Rehoboth Beach home moved to Wicomico County

Expert House Movers’ Gabriel Matyiko bucks city’s years-long demolition trend
December 4, 2020

As the number of demolished houses continues to grow in Rehoboth Beach, every now and then a house is given a new lease on life. Most recently, a one-story cottage at 226 State Road was moved roughly 50 miles west to Wicomico County, Md., by Gabriel Matyiko.

Matyiko is a third-generation house mover. His grandfather, John Matyiko Sr., started a house and structure moving business in Virginia Beach in the 1950s. His father, Jerry Matyiko, started Expert House Movers in the mid-1970s. Matyiko joined the company in the early 2000s.

Matyiko said his dad spent a lot of his early career moving old beach cottages in Ocean City from the ocean to the bay to make room for bigger houses. Then, he said, he moved those houses to make room for the city’s large hotels. Nowadays, he continued, a lot of their business is lifting houses higher for customers who are looking to meet floodplain regulations.

The night of the move, Nov. 24, Matyiko and his crew were on site a little before 9:30 p.m. The majority of the work – raising the house, removing cinder blocks, getting the trailer underneath – was done in the week leading up to the move, but there were some last-minute boards to place, straps to tighten and other details to finalize that would make the move a successful one.

Among the final details Matyiko personally oversaw was the cutting of a bamboo pole the lead truck would have attached to it to make sure the house fits under power and cable lines.

“The height of the house, plus six inches,” he said on how tall he made the pole. “We’ve used expensive poles before, but they break. This bamboo works just as well, and we have a ton of it readily available at our shop.”

Matyiko said the house was in good shape. He said he plans on renovating it and then selling it. He said moving a house is tedious work, but it saves a lot of resources.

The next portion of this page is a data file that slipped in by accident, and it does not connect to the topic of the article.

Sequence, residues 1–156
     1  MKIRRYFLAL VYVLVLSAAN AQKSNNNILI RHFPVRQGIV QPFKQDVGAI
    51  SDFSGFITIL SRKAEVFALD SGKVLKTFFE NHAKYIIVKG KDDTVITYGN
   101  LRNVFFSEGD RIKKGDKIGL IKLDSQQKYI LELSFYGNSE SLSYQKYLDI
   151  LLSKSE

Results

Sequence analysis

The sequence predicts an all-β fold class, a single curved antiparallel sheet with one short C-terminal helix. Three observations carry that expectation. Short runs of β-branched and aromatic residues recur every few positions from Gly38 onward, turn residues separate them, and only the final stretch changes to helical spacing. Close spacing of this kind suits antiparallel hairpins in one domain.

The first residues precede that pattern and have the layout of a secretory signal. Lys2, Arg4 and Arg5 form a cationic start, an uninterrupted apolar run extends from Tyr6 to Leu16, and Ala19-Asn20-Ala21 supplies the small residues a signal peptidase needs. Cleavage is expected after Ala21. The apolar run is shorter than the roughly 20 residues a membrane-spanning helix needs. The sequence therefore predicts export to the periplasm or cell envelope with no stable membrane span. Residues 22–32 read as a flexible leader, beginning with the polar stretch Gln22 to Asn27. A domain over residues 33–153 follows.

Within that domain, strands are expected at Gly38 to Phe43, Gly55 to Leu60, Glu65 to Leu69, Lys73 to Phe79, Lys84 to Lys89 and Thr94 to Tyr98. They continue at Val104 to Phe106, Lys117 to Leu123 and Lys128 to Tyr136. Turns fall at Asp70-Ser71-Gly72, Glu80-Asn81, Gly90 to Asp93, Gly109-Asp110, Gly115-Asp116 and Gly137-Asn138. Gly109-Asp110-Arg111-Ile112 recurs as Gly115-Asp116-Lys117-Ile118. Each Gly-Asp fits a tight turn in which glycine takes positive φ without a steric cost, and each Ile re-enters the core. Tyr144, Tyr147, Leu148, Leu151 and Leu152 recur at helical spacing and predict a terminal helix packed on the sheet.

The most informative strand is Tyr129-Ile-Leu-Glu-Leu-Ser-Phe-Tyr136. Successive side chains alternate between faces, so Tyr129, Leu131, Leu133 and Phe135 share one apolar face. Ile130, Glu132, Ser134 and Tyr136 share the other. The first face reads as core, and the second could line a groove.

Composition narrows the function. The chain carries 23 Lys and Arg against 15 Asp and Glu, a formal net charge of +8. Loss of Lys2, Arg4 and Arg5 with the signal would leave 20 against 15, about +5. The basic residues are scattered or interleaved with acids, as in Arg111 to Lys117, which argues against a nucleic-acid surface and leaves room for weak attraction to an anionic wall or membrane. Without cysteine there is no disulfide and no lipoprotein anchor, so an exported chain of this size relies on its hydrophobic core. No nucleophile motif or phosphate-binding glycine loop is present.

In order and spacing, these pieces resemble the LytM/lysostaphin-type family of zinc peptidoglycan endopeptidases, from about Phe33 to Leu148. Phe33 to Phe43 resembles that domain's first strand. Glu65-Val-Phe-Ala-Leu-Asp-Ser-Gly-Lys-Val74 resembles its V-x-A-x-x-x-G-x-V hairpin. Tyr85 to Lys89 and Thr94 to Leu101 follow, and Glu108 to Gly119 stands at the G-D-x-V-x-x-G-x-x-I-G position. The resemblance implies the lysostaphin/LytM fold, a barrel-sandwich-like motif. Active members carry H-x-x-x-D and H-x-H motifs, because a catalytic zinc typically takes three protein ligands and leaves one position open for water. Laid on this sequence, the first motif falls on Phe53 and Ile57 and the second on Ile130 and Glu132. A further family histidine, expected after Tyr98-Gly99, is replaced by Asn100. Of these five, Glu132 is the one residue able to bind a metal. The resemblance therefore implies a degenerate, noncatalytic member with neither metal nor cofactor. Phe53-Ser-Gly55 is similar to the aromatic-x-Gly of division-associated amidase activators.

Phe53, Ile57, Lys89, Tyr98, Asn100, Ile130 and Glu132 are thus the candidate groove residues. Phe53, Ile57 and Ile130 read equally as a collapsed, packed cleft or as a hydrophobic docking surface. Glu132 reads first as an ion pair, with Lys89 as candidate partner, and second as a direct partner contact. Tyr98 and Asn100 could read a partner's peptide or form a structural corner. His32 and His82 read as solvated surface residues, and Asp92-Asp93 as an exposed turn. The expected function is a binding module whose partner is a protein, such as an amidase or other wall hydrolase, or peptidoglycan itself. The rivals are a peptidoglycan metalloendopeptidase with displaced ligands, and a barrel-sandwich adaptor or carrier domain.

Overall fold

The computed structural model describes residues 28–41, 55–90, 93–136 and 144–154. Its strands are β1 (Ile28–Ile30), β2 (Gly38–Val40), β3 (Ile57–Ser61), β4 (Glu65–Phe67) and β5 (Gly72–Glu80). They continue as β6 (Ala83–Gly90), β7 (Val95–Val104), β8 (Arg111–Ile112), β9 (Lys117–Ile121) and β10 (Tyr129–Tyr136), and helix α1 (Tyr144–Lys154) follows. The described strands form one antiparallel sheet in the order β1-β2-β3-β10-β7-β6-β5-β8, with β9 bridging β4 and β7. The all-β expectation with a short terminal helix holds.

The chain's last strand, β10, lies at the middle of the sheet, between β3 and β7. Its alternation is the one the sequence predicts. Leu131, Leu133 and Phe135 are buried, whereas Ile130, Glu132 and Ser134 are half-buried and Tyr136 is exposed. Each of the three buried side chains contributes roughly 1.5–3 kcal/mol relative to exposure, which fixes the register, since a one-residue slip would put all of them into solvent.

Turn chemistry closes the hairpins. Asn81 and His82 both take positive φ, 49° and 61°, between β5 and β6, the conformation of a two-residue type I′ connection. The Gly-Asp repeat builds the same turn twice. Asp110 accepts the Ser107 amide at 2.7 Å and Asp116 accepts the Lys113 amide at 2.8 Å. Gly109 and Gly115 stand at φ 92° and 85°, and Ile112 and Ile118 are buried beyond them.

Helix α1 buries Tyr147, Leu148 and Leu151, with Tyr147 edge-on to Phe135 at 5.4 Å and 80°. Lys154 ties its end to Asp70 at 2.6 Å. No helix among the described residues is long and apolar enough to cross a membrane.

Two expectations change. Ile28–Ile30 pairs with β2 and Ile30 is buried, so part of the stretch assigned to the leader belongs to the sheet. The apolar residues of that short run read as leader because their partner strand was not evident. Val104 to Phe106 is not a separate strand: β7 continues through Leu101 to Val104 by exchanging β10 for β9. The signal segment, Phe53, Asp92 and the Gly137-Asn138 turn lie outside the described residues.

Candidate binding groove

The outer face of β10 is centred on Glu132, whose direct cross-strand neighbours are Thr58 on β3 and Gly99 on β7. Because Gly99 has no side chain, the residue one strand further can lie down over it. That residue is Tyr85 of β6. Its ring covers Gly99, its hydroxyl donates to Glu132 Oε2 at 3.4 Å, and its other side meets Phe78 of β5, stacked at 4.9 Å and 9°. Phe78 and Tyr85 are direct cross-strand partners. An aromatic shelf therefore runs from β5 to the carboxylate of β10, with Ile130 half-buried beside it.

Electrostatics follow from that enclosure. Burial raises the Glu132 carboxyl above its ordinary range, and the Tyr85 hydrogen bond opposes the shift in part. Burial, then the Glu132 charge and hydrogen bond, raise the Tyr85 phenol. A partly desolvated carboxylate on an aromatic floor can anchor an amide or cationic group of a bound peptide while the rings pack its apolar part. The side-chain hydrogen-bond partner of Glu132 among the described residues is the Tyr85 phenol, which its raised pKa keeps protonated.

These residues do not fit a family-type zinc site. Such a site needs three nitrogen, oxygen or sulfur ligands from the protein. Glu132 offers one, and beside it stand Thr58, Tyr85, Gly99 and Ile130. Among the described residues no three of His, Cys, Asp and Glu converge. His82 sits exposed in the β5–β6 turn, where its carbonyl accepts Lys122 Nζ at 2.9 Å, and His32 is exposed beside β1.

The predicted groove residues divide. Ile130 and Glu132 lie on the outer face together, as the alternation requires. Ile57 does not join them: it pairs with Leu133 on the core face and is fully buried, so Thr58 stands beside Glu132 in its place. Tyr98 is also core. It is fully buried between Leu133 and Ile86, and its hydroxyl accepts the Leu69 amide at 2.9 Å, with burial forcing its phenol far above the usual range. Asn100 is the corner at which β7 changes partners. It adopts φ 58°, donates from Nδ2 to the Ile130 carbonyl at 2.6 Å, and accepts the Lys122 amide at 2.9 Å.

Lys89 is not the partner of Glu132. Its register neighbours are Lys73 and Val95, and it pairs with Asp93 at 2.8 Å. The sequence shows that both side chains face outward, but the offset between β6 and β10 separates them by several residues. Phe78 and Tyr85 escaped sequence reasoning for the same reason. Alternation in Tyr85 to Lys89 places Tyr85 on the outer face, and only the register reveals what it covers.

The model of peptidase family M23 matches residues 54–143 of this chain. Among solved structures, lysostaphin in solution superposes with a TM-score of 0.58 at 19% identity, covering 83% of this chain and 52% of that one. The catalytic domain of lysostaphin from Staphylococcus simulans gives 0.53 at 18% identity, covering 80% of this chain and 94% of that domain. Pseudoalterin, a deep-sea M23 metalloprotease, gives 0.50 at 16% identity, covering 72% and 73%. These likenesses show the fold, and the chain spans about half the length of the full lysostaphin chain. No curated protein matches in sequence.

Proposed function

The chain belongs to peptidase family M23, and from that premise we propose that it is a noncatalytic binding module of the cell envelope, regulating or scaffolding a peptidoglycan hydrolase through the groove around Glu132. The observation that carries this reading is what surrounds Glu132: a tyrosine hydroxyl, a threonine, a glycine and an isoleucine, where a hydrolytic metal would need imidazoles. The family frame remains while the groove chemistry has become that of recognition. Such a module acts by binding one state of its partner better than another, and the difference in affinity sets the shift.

Plus, Matyiko said, a lot of these older houses are built with better materials that aren’t used anymore. There’s a reason they’ve survived so long, he said.

The 50-mile journey began by backing the house out onto State Road so the hauling truck was facing Grove Street. Matyiko said this was done so the porch on the front of the house could be saved.

Once backed out, the crew slowly went down Grove Street, around the circle, down Rehoboth Avenue Extended, up Coastal Highway to Five Points, where they turned west onto Route 9 and went to Maryland.

In an interview prior to the move, Matyiko said the house was almost too wide to move.

“It’s 24 feet wide. If it were even a couple feet wider, it would be too wide,” he said. A few days later, as the house made its way down Grove Street and then around the circle in Rehoboth Beach, it was clear he was right. The driver was experienced, and the team directing him did their job, but there wasn’t much room to spare.

Middle-of-the-night moves are the norm for Matyiko and his team, because there’s just a lot less traffic at night, he said. They’ll move a house in the rain, but not if it’s too heavy. He said fog will also delay a move.

“We’re coming straight at people as we make our way down the roads. We want drivers coming at us to see us coming so they can pull over into the breakdown lanes if the road is too narrow,” he said.

Matyiko had three other trucks accompanying the one moving the house. There was a large truck serving two purposes – it carried all the supplies needed in case the moving truck broke down, and it went ahead of the moving truck scouting out low power lines. There were two smaller trucks trailing the move that helped block intersections.

“People are crazy when they drive around us sometimes,” said Matyiko. “It’s good to be able to help the police with an escort.”

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